2. Ship the stretched canvas on a frame
  3. Remove the canvas from the frame and ship only the painting itself.

Unframing Painted Canvases

Depending on how you travel, and how you plan to get your painting home, one option to travel with art is by removing the painting from the frame that it is stretched and stapled on to, then rolling the flat canvas, inserting it into a cardboard tube, and shipping the tube.

While paintings stretched onto wood frames and paintings in decorative frames can easily be damaged in transit, a painting that is rolled up and inserted into a cardboard tube – with caps secured at each end – is almost certainly guaranteed to arrive at your destination unscathed. Once received, any frame shop or art store should be able to place your canvas on a new frame, ready for display or framing.

When you purchase a painting while traveling, ask the gallery or the painter themselves, in the case of some street markets, to remove the painting from the frame or the wood frame that it is stretched and stapled to. Most painters and galleries that serve international tourists are accustomed to this request and may even have cardboard tubes to provide you for easy shipping from the nearest post office, FedEx, or UPS outlet.

Both acrylic and oil paintings that are fully dry can be rolled without damaging them as long as the role is not too tight. A gentle roll (preferably with a layer of acid-free paper protecting the surface of the painting), is a safe way to ship most paintings without damaging the surface.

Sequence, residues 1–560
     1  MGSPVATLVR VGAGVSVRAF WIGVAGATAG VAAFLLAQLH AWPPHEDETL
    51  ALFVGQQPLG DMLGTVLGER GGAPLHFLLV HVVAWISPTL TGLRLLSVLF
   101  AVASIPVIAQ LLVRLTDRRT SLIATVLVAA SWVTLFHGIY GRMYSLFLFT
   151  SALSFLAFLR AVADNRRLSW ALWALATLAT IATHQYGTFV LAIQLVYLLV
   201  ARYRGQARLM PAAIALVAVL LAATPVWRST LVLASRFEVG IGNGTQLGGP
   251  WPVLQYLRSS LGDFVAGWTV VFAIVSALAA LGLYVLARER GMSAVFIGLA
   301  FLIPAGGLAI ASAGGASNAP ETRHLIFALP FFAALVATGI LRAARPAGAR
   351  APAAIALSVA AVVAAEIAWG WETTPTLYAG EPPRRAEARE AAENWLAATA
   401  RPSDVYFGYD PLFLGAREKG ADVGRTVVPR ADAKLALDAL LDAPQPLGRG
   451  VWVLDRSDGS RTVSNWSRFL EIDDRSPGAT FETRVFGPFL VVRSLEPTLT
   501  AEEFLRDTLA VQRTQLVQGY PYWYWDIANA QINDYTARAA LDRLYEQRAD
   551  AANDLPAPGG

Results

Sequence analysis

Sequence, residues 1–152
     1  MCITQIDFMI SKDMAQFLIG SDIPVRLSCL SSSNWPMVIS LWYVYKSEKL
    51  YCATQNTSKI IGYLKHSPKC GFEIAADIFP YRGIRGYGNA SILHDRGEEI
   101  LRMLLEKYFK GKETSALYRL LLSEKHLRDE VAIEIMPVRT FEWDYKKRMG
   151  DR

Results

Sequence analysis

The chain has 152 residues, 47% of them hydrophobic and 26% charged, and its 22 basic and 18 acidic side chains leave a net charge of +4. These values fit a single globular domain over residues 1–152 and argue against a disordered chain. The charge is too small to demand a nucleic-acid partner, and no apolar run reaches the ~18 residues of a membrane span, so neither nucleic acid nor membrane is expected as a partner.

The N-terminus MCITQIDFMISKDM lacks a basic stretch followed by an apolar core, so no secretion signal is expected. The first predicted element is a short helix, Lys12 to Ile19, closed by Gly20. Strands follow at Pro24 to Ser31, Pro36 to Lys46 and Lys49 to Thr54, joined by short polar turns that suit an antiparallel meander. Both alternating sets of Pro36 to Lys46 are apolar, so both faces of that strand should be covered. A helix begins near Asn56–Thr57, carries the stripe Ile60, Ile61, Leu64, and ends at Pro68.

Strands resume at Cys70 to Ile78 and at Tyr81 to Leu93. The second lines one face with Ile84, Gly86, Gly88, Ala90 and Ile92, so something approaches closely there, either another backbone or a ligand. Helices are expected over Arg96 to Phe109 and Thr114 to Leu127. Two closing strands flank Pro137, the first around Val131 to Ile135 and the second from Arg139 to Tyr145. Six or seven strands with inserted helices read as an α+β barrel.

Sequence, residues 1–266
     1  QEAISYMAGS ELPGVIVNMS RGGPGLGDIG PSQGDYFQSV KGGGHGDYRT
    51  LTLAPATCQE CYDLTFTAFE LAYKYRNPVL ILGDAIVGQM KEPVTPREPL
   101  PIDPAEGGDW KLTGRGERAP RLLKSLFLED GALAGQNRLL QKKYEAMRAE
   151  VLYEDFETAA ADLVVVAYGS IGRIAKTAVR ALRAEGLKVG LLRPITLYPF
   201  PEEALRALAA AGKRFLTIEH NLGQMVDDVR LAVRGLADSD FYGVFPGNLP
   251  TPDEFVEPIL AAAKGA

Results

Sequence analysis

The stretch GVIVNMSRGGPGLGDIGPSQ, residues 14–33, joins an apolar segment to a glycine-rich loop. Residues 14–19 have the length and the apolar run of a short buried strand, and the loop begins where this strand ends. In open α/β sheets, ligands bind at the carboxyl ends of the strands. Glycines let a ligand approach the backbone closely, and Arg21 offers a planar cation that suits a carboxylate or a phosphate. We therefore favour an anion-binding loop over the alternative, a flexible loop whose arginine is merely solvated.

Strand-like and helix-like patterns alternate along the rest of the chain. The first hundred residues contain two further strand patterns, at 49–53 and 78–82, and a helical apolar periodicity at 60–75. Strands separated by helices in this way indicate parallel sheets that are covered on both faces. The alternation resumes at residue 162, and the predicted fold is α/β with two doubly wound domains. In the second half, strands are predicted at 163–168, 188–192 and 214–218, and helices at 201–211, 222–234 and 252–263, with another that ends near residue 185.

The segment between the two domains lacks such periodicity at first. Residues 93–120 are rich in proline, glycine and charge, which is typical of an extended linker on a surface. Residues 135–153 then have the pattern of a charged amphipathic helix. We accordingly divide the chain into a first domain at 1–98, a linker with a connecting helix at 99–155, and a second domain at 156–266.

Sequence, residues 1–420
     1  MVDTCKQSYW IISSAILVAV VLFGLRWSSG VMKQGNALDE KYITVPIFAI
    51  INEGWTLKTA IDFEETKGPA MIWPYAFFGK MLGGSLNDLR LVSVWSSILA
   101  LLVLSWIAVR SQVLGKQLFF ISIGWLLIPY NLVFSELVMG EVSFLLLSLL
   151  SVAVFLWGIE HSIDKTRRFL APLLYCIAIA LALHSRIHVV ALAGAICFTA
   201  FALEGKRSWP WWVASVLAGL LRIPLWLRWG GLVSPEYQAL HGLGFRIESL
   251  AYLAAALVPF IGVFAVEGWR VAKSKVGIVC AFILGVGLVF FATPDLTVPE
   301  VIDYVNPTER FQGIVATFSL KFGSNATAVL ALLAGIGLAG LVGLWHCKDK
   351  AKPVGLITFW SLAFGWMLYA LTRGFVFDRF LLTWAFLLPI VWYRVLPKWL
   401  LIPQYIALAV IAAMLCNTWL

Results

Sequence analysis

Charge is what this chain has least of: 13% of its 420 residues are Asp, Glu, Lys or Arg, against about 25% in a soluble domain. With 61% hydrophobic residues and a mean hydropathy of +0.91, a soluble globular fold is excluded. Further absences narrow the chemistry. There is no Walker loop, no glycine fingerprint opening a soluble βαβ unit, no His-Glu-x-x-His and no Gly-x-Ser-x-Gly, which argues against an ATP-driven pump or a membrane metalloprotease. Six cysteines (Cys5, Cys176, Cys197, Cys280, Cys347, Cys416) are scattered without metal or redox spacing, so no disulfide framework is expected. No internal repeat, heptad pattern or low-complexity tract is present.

Final Thoughts on Traveling with Art

Traveling with art can be anxiety provoking, as beloved art pieces can’t be protected once they are out of your sight and in the hands of mail carriers.

Unfortunately, I learned this firsthand after buying a painting from a talented painter painting in the square in Santiago, Chile. The painting I purchased spoke deeply to me, and I was excited to make sure that it made it back home without being damaged by carrying it around in my luggage.

Determined to carefully preserve the painting, I had it taken off of the frame and the canvas rolled and place into a sturdy tube. I handed it over to the Chilean version of the post office, at great expense, and I – unfortunately – never saw it again. Despite purchasing a high tier of service in the tracking number, my attempts to ship art back failed, which has left me, in subsequent trips, determined to carry and personally bring home any objects that I am attached to.